Google fined $5.1 billion by European antitrust officials

Why aren’t more governments fining GOOGLE

European officials said Google, which makes the Android mobile operating system used in smartphones, broke antitrust laws by striking deals with handset manufacturers such as HTC, Huawei and Samsung. The agreements required Google’s services, such as its search bar and Chrome browser, to be favored over rival offerings. European authorities said those moves unfairly boxed out competitors.

“Google has used Android as a vehicle to cement the dominance of its search engine,” said Margrethe Vestager, Europe’s antitrust chief. “These practices have denied rivals the chance to innovate and compete on the merits. They have denied European consumers the benefits of effective competition in the important mobile sphere. This is illegal under E.U. antitrust rules.”

The long-anticipated ruling arrived during a politically delicate period, with Europe and the United States seeming divided on an array of political issues and products from alcohol to aluminum. Last week, on a trip to Brussels, President Trump kept up his complaints that American businesses were at a disadvantage here.

Still, the ultimate effect of July 17,2018  ruling may be muted given that Europe has largely acted alone in its regulatory actions against Silicon Valley titans. In the United States, lawmakers and regulators have mostly taken a hands-off approach that has allowed the influence of big technology companies to grow. Google’s services remain immensely popular with customers, while its stock price, profits and revenue continue to soar. In the three years that the European Commission was carrying out its investigation, annual revenues for Alphabet have grown to $111 billion, from $75 billion. Google has also strengthened its dominance in the wireless Telephone market, with more than 1.25 billion Android handsets sold globally last year, according to IDC, a research firm.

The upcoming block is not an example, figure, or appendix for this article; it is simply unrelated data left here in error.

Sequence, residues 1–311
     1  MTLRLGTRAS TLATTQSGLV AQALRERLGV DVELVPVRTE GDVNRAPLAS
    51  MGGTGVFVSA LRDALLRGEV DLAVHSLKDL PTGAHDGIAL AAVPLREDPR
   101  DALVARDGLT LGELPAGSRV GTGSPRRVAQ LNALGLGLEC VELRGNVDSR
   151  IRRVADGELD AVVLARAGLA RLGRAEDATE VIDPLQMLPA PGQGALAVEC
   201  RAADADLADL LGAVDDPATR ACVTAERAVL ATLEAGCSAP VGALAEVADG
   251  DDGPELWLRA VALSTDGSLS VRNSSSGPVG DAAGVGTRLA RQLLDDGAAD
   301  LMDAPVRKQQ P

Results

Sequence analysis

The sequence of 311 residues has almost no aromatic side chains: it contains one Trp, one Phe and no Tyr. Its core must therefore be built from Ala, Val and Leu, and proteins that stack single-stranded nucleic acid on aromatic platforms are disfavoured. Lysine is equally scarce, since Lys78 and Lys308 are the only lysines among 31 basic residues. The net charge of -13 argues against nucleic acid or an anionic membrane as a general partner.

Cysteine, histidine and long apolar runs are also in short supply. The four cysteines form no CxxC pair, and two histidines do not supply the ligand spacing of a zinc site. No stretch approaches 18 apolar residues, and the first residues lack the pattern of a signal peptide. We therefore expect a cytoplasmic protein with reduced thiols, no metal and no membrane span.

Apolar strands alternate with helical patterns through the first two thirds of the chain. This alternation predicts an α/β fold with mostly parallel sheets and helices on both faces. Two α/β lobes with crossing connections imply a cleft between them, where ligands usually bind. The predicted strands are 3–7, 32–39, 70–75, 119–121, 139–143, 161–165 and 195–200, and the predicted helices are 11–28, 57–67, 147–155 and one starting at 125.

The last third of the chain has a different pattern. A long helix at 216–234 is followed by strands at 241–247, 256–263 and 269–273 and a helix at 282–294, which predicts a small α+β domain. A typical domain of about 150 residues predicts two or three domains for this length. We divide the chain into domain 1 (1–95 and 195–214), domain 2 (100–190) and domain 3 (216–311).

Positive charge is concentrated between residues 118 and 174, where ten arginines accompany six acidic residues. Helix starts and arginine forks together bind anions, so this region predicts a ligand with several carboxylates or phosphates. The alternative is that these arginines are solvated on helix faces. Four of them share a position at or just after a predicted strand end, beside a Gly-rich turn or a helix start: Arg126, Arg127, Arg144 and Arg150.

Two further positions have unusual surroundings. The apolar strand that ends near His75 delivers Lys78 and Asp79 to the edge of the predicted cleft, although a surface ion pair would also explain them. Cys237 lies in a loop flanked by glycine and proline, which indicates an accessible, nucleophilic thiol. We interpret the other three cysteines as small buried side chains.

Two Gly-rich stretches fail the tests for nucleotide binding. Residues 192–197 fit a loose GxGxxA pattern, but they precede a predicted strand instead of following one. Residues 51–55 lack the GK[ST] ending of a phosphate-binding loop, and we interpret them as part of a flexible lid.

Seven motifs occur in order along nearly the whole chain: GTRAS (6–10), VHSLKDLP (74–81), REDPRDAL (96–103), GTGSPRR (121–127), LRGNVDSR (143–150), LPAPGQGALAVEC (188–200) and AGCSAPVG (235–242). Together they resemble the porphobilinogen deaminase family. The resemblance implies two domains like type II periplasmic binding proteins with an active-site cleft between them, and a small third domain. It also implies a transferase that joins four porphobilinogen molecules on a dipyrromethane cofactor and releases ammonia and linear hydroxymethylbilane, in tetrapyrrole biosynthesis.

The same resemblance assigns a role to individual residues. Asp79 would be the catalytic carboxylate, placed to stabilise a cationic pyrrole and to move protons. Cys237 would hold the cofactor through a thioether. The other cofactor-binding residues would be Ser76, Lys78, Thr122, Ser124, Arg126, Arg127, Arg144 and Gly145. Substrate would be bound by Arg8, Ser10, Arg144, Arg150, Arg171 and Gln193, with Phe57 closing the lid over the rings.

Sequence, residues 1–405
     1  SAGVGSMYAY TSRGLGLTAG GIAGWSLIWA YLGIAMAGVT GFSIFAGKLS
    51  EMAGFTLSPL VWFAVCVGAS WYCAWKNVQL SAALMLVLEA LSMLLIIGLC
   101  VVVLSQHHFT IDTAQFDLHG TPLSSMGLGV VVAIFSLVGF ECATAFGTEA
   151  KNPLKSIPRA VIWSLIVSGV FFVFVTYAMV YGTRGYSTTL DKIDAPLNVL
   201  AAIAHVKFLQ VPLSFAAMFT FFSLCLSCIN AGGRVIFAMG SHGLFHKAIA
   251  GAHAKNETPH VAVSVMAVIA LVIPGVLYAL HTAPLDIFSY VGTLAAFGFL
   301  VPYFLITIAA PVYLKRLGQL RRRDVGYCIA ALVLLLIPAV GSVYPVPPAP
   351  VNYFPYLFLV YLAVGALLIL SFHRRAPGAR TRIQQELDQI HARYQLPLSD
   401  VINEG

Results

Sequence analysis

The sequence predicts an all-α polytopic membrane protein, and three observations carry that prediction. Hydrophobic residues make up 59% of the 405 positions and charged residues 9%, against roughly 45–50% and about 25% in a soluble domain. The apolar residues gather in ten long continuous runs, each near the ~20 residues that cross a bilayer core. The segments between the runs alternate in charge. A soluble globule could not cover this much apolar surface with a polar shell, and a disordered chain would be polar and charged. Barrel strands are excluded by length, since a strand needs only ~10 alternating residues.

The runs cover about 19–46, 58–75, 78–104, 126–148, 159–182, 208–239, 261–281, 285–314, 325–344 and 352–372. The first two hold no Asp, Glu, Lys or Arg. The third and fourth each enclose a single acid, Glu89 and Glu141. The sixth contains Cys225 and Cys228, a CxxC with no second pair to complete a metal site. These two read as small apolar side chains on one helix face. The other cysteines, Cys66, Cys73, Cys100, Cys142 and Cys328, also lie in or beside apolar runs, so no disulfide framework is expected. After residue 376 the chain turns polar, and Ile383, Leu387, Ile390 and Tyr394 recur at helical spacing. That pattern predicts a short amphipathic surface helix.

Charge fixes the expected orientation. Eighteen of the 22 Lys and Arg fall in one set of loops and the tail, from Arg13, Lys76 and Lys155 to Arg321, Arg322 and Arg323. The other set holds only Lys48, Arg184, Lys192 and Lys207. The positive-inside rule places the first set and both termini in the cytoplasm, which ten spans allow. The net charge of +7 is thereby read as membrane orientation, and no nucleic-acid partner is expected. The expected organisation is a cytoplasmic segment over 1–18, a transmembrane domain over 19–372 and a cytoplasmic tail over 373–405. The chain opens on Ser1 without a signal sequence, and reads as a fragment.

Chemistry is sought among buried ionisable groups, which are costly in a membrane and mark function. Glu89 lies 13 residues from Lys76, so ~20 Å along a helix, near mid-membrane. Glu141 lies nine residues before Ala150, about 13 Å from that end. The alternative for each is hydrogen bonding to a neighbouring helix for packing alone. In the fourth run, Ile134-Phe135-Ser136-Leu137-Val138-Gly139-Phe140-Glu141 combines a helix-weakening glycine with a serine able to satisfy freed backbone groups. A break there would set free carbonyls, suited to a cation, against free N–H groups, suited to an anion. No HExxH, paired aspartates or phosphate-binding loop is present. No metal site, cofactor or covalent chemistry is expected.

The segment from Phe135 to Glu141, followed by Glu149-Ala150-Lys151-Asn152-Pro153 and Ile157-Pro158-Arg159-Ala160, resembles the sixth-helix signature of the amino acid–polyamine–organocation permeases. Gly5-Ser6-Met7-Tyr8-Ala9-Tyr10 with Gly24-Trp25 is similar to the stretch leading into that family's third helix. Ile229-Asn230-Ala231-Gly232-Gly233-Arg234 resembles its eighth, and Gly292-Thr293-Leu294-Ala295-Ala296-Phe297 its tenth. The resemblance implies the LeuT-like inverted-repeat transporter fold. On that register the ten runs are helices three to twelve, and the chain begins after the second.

Why are regulators overseeing the digital economy reacting so late. The disregard that google has for the law is evident and has been for years. 

This is something every government around the world should know or should have known. Google has to be paying officials off because By the time the authorities home in on an area deserving of scrutiny, the market may have moved on.

Antitrust officials admitted that Google provided financial incentives to handset makers and wireless carriers to prioritize its services, and required manufacturers to sign agreements not to sell devices with modified versions of Android that didn’t include Google’s apps.

In effect, the authorities said, Google negotiated terms that companies in the saturated smartphone market — where profit margins are razor thin — could not refuse.

As Google amassed more power in the Wireless Telephone market, rivals including Microsoft, Oracle, Nokia, TripAdvisor and the African telecommunications giant Naspers complained to regulators. The group created an organization called Fair Search, which lobbied aggressively against Google in Brussels on a variety of issues, including its dominance of the Wireless Telephone market and internet search. (Microsoft dropped out of the group after reaching a licensing deal with Google.)